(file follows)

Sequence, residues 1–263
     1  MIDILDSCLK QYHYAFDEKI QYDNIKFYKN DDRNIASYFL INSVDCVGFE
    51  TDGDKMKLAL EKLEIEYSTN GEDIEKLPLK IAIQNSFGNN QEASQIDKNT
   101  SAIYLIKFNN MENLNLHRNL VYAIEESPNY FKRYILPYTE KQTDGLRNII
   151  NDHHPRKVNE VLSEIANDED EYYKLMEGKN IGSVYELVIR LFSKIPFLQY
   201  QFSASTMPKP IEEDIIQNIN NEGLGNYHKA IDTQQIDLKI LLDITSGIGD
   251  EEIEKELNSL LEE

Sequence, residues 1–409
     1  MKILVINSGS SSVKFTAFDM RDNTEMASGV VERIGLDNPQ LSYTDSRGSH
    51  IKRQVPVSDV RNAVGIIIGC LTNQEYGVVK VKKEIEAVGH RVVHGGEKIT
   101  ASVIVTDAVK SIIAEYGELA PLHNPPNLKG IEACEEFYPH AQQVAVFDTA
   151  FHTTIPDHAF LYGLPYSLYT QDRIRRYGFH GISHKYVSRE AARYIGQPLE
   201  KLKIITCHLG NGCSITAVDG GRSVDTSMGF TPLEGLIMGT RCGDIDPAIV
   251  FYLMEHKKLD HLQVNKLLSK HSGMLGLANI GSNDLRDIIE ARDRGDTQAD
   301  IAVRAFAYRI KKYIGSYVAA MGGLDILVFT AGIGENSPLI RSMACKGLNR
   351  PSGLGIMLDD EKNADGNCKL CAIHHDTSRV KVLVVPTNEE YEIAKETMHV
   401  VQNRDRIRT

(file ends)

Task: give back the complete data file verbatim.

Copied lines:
Sequence, residues 1–263
     1  MIDILDSCLK QYHYAFDEKI QYDNIKFYKN DDRNIASYFL INSVDCVGFE
    51  TDGDKMKLAL EKLEIEYSTN GEDIEKLPLK IAIQNSFGNN QEASQIDKNT
   101  SAIYLIKFNN MENLNLHRNL VYAIEESPNY FKRYILPYTE KQTDGLRNII
   151  NDHHPRKVNE VLSEIANDED EYYKLMEGKN IGSVYELVIR LFSKIPFLQY
   201  QFSASTMPKP IEEDIIQNIN NEGLGNYHKA IDTQQIDLKI LLDITSGIGD
   251  EEIEKELNSL LEE

Sequence, residues 1–409
     1  MKILVINSGS SSVKFTAFDM RDNTEMASGV VERIGLDNPQ LSYTDSRGSH
    51  IKRQVPVSDV RNAVGIIIGC LTNQEYGVVK VKKEIEAVGH RVVHGGEKIT
   101  ASVIVTDAVK SIIAEYGELA PLHNPPNLKG IEACEEFYPH AQQVAVFDTA
   151  FHTTIPDHAF LYGLPYSLYT QDRIRRYGFH GISHKYVSRE AARYIGQPLE
   201  KLKIITCHLG NGCSITAVDG GRSVDTSMGF TPLEGLIMGT RCGDIDPAIV
   251  FYLMEHKKLD HLQVNKLLSK HSGMLGLANI GSNDLRDIIE ARDRGDTQAD
   301  IAVRAFAYRI KKYIGSYVAA MGGLDILVFT AGIGENSPLI RSMACKGLNR
   351  PSGLGIMLDD EKNADGNCKL CAIHHDTSRV KVLVVPTNEE YEIAKETMHV
   401  VQNRDRIRT